Civil Law

Recent Rulings on SALES

Concept and elements –– Art. 1458 of the Civil Code describes a contract of sale as a transaction by which “one of the contracting parties obligates himself to transfer the ownership of and to deliver a determinate thing, and the other to pay therefor a price certain in money or its equivalent”; the elements of a perfected contract of sale are the following: (1) the meeting of the minds of the parties or their consent to a transfer of ownership in exchange for a price; (2) the determinate object or subject matter of the contract; and (3) the price certain in money or its equivalent as consideration for the sale; the absence of any of these elements renders a contract void. (Guison vs. Heirs of Loreño Terry, G.R. No. 191914, Aug. 09, 2017)

Contract of –– It is basic that the object of a valid sales contract must be owned by the seller; Nemo dat quod non habet, as an ancient Latin maxim says: one cannot give what one does not have. (Ko vs. Aramburo, G.R. No. 190995, Aug. 09, 2017)

—    Perfected at the moment there is a meeting of minds not only upon the thing that is the object of the contract but also upon the price; from that moment, the parties may reciprocally demand performance, subject to the provisions of the law governing the form of contracts; the elements of a contract of sale are consent, object and price in money or its equivalent; the absence of any of these essential elements negates the existence of a perfected contract of sale. (Estrellado vs. Presiding Judge of the MTC in Cities, 11th Judicial Region, Br. 3, Davao City, G.R. No. 164482, Nov. 08, 2017)

—      The issue of good faith or bad faith of a buyer is relevant only where the subject of the sale is a registered land but not where the property is an unregistered land; one who purchases an unregistered land does so at his peril; his claim of having bought the land in good faith, i.e., without notice that some other person has a right to, or interest in, the property, would not protect him if it turns out that the seller does not actually own the property. (Mun. Rural Bank of Libmanan, Camarines Sur vs. Ordoñez, G.R. No. 204663, Sept. 27, 2017)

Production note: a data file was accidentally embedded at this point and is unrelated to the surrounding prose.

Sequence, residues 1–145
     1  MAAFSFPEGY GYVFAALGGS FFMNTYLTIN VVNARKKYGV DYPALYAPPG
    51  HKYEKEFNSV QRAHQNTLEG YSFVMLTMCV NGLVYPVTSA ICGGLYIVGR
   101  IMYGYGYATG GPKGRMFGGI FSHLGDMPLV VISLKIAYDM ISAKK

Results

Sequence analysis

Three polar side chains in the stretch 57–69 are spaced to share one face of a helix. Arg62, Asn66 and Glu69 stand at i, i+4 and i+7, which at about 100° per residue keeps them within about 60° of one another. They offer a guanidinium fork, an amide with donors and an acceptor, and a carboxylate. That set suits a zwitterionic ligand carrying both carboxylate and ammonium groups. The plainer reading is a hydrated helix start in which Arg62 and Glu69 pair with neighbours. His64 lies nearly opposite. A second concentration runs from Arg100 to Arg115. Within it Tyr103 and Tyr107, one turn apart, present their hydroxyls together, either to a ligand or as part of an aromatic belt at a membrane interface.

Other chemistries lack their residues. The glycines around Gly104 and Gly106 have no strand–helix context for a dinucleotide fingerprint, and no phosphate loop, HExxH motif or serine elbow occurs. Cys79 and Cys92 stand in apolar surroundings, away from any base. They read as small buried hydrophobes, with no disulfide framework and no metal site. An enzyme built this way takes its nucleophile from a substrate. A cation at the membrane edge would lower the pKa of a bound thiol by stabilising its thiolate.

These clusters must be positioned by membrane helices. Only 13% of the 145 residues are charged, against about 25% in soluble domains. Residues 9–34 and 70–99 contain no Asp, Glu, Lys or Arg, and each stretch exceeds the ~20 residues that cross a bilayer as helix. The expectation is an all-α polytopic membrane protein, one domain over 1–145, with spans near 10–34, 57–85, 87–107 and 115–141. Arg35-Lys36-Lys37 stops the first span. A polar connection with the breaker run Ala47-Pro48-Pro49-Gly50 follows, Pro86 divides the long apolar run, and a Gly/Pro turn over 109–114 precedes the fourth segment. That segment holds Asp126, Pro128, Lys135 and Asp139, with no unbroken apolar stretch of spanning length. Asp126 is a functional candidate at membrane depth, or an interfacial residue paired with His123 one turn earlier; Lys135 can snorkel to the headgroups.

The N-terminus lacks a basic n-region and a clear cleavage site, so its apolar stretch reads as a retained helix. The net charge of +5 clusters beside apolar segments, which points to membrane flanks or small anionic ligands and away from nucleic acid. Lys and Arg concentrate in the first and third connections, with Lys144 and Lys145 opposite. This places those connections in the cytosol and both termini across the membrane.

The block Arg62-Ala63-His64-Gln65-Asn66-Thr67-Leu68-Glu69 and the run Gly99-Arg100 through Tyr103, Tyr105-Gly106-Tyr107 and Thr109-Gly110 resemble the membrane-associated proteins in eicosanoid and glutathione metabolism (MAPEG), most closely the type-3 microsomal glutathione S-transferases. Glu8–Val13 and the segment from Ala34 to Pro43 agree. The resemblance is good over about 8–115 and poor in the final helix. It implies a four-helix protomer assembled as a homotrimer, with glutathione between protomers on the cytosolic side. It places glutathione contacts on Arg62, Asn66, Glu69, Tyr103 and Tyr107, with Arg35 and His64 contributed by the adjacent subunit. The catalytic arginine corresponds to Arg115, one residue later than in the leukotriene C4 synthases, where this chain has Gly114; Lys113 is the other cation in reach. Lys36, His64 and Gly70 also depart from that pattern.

—    The sale of real property, to be enforceable, should be in a writing subscribed by the party charged for it; despite the document embodying the agreement on the sale not being acknowledged before a notary public, the non-observance of the form prescribed by Art. 1358(1) of the Civil Code did not render the sale invalid; the form required by Art. 1358 was only for convenience of the parties, and was not essential to the validity or enforceability of the sale. (Estrellado vs. Presiding Judge of the MTC in Cities, 11th Judicial Region, Br. 3, Davao City, G.R. No. 164482, Nov. 08, 2017)

Double sale — If the same thing should have been sold to different vendees, the ownership shall be transferred to the person who may have first taken possession thereof in good faith, if it should be movable property; should it be immovable property, the ownership shall belong to the person acquiring it who in good faith first recorded it in the Registry of Property. (Calma vs. Atty. Lachica, Jr., G.R. No. 222031, Nov. 22, 2017)

Implied warranty against eviction — In order for the implied warranty against eviction to be enforceable, the following requisites must concur: (a) there must be a final judgment; (b) the purchaser has been deprived of the whole or part of the thing sold; (c) said deprivation was by virtue of a prior right to the sale made by the vendor; and (d) the vendor has been summoned and made co-defendant in the suit for eviction at the instance of the vendee. (Pilipinas Makro, Inc. vs. Coco Charcoal Phils., Inc., G.R. No. 196419, Oct. 04, 2017)

Innocent purchasers for value — The acquisition of the property by respondents must be respected because they were innocent purchasers for value; general principle that persons dealing with registered land have the right to completely rely on the Torrens title issued over the property; buyers are not required to go beyond what the certificate of title indicates on its face, provided the acquisition of the land is made in good faith, that is, without notice that some other person has a right to, or interest in, the property. (Sps.Cano vs. Sps. Cano, G.R. No. 188666, Dec. 14, 2017)

Warranty — A warranty is a collateral undertaking in a sale of either real or personal property, express or implied; that if the property sold does not possess certain incidents or qualities, the purchaser may either consider the sale void or claim damages for breach of warranty. (Pilipinas Makro, Inc. vs. Coco Charcoal Phils., Inc., G.R. No. 196419, Oct. 04, 2017)

—      An express warranty pertains to any affirmation of fact or any promise by the seller relating to the thing, the natural tendency of which is to induce the buyer to purchase the same; on the other hand, an implied warranty is one which the law derives by application or inference from the nature of transaction or the relative situation or circumstances of the parties, irrespective of any intention of the seller to create it. (Pilipinas Makro, Inc. vs. Coco Charcoal Phils., Inc., G.R. No. 196419, Oct. 04, 2017)

Warranty against hidden defects — A buyer cannot be considered to have agreed to take possession of the things sold in the condition where they are found and from the place where they are located if the critical defect is one which he or she cannot even readily sense. (Poole-Blunden vs. Union Bank of the Phils., G.R. No. 205838, Nov. 29, 2017)